Also, you will want to obtain a bunch of industry stats and graphs to round out your presentations and selling points. These would include useability studies for user experience, stickiness, page load statistics, usage statistics for various industries/competitors, etc. We are talking general stuff here that is not highly specific to your possible client (although some of it could be in terms of industry and competitors).
Stuff like: don't neglect physically challenged users as they make up x% of users, don't neglect other browsers as Firefox is growing quite popular from x% to x% in only half a year, most users will abandon a web site if the page load time is greater than x seconds, chemical industry website users generally have xx pageviews per site per browsing session, etc. Although these are available to all who seek them, many do not know that and you can use the information to your advantage..."since 8% of your products are considered pertinent to physically challenged users, we can tune the appearance of your site to enable less clicks for navigation, better GUI design for the sight challenged, and/or implement better content mechanisms for page readers, etc." Notice how some of those play into your more traditional SEO tasks (i.e. better use of <Hx> tags and "alt" attributes, better placement of links/keywords, better link verbiage, etc.). This kind of stuff opens of all sorts of opportunity for value add or perceived value add.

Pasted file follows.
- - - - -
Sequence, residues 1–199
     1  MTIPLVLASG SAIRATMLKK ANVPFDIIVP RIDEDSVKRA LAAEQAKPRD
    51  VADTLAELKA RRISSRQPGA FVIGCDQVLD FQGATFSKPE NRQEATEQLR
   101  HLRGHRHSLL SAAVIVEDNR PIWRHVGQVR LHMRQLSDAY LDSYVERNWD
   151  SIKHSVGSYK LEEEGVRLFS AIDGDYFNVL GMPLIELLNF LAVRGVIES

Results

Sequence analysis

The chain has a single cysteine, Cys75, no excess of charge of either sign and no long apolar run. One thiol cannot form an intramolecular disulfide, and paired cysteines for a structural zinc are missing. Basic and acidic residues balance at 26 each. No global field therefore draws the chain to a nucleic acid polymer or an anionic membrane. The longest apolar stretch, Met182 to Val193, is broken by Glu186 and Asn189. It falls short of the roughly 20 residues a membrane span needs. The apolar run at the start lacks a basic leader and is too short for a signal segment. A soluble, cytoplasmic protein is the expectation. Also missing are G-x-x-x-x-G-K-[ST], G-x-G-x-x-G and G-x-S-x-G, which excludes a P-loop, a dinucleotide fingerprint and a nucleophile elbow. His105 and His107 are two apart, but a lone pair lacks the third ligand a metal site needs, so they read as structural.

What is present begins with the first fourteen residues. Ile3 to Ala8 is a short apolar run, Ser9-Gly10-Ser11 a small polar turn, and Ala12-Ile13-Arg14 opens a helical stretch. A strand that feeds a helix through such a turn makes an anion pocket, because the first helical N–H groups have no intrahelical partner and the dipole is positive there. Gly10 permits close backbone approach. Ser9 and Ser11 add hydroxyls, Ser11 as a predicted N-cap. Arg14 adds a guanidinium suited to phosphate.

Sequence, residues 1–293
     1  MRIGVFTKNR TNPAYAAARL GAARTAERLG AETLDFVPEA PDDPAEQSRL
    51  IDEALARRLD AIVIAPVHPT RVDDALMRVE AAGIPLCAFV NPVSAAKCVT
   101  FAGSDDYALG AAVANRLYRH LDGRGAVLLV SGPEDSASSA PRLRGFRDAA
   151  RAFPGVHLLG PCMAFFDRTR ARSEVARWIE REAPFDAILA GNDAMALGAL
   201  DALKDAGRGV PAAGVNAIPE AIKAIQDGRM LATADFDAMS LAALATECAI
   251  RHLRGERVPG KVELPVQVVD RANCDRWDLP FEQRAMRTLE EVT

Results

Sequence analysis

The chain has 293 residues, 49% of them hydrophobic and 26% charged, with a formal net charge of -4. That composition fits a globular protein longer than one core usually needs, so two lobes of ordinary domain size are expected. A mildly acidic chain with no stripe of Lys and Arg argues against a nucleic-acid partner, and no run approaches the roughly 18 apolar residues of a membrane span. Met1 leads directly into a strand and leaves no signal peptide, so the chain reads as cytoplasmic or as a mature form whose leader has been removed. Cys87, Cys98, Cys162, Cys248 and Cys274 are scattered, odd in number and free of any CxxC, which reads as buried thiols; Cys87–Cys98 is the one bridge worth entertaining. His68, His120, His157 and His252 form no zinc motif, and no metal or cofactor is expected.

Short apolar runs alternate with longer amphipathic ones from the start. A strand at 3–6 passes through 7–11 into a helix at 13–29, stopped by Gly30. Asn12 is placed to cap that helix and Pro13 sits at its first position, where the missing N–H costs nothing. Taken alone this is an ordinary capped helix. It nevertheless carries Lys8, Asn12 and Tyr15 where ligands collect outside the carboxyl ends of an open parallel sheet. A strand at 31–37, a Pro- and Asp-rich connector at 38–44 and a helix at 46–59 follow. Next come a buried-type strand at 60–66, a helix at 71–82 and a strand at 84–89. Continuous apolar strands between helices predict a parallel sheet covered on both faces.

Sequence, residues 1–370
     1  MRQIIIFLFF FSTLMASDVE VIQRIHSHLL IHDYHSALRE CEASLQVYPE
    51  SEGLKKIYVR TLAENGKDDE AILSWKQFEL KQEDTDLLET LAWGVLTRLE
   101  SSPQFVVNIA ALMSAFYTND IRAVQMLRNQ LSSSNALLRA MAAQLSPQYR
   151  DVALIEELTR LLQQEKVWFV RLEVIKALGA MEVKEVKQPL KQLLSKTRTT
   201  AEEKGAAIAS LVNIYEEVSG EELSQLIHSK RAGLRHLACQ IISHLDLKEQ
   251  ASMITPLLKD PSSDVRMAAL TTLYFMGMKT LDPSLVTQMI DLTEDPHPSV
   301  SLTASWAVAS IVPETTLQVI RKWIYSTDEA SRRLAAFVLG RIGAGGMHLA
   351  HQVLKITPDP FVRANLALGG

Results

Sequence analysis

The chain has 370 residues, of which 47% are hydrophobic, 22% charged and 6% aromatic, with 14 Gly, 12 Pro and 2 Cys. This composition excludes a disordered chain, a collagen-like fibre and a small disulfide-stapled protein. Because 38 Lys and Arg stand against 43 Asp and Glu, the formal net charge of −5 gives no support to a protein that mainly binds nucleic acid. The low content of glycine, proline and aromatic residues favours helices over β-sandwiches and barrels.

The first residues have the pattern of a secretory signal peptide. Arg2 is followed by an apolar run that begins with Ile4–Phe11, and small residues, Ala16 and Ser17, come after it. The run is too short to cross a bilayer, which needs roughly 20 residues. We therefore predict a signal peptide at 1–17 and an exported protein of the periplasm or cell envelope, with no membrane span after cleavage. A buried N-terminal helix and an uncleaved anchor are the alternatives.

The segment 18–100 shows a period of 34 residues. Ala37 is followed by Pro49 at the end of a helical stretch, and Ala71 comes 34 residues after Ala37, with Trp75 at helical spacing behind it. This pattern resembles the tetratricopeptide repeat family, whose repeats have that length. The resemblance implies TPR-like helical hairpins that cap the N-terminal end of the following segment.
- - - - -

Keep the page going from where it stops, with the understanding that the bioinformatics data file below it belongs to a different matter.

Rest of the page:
Good luck with your new position.
That's great! Thank you for your input. I appreciate it very much.